‘Complex,’ we use that word a lot in the Kubernetes (K8s) and cloud-native world. Over the last 20 years, developers have seen a tsunami of new technologies, languages, services, open-source products, and libraries. While this progression has handed unparalleled power to a single developer and what they can achieve, it’s come with a price: cognitive overload.

Developers were not only given technologies, along with tools, integrations, and APIs, but were often tasked with understanding how many of the components worked. While DevOps and its principle of shared responsibility enabled devs and engineers to release better quality products faster and automate many repetitive tasks, it has also meant the developer team experience has frequently involved a fair share of configuring, packaging, and deploying most aspects of their containerized apps on Kubernetes and other platforms themselves.

The concept of developer experience (DX or DevEx) is about enabling developers to achieve their best work.

The study of DX includes many factors that impact the effectiveness of software development, including systems, technology, process, and culture. It considers all aspects of a developer's ecosystem, from their work environment to their workflows and tools.

(Developer Productivity + Developer Impact + Developer Satisfaction) c = DX

Recognize this formula? Yes, that’s GitHub’s attempt at creating a formula for developer experience.

Developer Productivity defines how quickly and effectively a change can be made to code, while Developer Impact is how effortlessly a dev can move from an idea to putting that idea into production. Developer Satisfaction focuses on the dev’s happiness and how that’s affected by their environment, workflows, and tools.

The goals of DevOps include streamlining and automating software development and achieving better communication and collaboration between Dev and Ops, which, along with other goals, were designed to create faster delivery, reduce errors, and create better quality software. Ironically, that’s enabled developers to stand up Kubernetes quickly with a few commands, which has increased Developer Impact. However, that hasn’t always meant a quality developer experience with K8s or as much of a bump in Developer Satisfaction.

Floundering: Developer Experience Rethink

While K8s has become the most popular platform for orchestrating thousands of containerized apps and automating their deployment, scaling, and management, it is a declarative system. This intended design feature of K8s means that it doesn't make decisions about how apps are configured or how they communicate or interact with other services without being told first. That’s why developers dream of YAML files (not electric sheep) and being crushed by the weight of all the YAML files they must create or amend.

To twist a famous Star Trek line to suit our needs, devs started to feel like Dr. McCoy, wailing, “Dammit, Jim; I’m a developer, not a plumber.” Something wasn’t quite right with the Kubernetes developer experience as devs spent too much time dealing with infrastructure rather than focusing on features and products.

A container ship loaded high with containers.
The problem with ‘you build it, you own it’ for devs was that owning lots of cloud technologies also meant dealing with configuration and mountains of YAML and the security responsibility. Photo by Ian Taylor on Unsplash.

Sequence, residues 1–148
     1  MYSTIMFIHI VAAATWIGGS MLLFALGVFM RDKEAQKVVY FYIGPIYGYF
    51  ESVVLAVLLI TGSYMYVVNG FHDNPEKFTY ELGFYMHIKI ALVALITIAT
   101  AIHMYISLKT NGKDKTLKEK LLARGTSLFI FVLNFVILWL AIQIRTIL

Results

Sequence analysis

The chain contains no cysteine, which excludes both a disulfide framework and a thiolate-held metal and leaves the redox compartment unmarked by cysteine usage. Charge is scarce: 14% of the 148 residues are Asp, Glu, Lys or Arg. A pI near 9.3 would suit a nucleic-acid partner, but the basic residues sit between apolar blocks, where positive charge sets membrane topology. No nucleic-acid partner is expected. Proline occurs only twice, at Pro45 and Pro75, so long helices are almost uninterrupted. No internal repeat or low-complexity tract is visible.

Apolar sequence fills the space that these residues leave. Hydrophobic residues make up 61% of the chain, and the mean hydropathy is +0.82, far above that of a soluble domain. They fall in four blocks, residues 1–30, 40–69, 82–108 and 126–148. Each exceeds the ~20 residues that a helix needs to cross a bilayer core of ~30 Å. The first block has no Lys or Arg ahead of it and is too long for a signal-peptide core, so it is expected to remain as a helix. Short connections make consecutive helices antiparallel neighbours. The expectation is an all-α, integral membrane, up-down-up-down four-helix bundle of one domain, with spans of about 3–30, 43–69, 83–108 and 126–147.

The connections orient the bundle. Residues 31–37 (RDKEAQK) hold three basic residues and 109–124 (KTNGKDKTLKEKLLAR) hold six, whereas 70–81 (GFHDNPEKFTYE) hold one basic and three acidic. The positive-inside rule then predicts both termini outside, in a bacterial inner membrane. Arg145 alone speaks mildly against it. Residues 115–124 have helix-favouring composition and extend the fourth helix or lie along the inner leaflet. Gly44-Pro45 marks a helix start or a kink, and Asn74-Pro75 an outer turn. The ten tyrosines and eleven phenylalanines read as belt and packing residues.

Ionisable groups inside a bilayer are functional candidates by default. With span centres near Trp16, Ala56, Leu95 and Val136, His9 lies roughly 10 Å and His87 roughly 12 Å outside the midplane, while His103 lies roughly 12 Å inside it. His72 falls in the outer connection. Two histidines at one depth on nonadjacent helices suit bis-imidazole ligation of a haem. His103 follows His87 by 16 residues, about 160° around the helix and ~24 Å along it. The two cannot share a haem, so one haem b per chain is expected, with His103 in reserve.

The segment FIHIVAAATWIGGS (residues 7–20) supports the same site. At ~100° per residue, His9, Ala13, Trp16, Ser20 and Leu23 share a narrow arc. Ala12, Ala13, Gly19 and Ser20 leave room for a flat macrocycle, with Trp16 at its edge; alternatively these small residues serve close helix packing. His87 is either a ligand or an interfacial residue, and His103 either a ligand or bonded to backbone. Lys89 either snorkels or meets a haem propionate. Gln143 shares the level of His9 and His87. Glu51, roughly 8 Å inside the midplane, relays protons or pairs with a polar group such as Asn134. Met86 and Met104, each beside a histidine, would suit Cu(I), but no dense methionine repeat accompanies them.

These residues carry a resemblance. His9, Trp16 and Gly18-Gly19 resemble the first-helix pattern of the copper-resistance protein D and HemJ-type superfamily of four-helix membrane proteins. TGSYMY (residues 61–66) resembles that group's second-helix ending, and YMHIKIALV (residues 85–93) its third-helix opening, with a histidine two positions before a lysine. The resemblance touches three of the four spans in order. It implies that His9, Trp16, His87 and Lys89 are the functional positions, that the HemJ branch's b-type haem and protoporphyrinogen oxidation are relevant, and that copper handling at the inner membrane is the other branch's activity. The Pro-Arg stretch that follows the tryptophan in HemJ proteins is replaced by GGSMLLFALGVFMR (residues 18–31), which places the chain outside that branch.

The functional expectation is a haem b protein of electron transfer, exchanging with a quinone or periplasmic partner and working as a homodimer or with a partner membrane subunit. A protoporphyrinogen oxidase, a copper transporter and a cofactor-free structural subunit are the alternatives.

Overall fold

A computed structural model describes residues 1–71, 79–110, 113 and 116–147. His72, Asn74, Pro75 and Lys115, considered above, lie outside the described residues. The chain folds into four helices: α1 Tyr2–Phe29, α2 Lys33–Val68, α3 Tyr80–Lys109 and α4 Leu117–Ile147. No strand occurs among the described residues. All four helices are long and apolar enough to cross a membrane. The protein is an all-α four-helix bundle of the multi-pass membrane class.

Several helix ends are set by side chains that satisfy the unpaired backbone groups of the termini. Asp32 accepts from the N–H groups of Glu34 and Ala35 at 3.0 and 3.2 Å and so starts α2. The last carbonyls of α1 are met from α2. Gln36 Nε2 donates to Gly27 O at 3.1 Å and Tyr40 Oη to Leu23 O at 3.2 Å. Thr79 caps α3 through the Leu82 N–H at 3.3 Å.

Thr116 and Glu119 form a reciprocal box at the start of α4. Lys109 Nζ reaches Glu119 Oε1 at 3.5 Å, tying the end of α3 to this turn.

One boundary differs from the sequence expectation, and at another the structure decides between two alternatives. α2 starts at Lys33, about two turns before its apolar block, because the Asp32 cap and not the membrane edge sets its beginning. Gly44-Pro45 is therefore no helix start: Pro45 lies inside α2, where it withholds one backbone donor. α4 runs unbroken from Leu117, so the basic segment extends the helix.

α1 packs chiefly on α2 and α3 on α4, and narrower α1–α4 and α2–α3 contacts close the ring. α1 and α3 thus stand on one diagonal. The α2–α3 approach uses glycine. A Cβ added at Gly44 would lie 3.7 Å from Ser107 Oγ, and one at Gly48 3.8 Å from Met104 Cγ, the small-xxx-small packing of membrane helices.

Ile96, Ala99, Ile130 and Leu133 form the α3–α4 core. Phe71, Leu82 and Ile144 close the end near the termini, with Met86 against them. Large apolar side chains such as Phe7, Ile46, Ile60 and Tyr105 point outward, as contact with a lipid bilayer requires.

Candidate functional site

Additionally, with the security ‘shifting left,’ the US administration’s focus on securing the supply chain, and general K8s security concerns, developers have also found themselves wearing the security hat for all the frequent app deployments they can now do and the accompanying stress that comes with that responsibility. VMWare’s latest State of Kubernetes 2023 report illustrates this point and finds that meeting security and compliance requirements in deployments (as well as operations) has become the second challenge (with worries over misconfigurations being the top challenge).

This recognition that things are not quite right with Kubernetes for developers and cloud-native generally is why we are seeing an increasing interest among enterprise organizations to probe the merits of DevOps thoughtfully and try to carve a more effective developer experience with Kubernetes and cloud-native technologies.

So DevOps is dead then? Before you get your pitchforks out and chase us down for clickbait, we are not suggesting the death of DevOps but that it needed to evolve.

We’ve been through several phases with DevOps, from ‘pick ‘n’ mix,’ where teams chose their own tools, to curating a list of the best-in-breed tools every team used. This standardization for each SDLC stage made it difficult to move changes between tools at each stage, which led to custom solutions for ‘filling the gaps’ that distracted engineers from their core work to deal with maintenance.

That’s why it wasn’t surprising to see Platform Engineering hit the Gartner hypecycle last year, accelerating upwards at a fair rate of knots as a new Innovation Trend.

Fits the Bill: What is Platform Engineering?

Platform engineering revolves around a dedicated platform team that implements and maintains an organization’s chosen engineering platform. Garner anticipates that by 2026, 80% of software engineering organizations will have platform teams maintaining and operating “reusable services, components, and tools for application delivery.”

The rise in platform engineering makes sense, as how you build your platform drives your developer experience.

Platform Engineering hasn’t meant a departure from DevOps back to Dev and Ops silos. Instead, it’s a move towards easy-to-use tools and resources for devs, creating platforms-as-products supported by dedicated teams that supply fundamental building blocks. This approach removes the need for devs to look downward and deal with infrastructure. Instead, it seeks to improve the developer experience so devs can look up and focus on delivering better business outcomes.

When developing a Platform Engineering strategy to achieve a better developer experience, there are three stages to consider: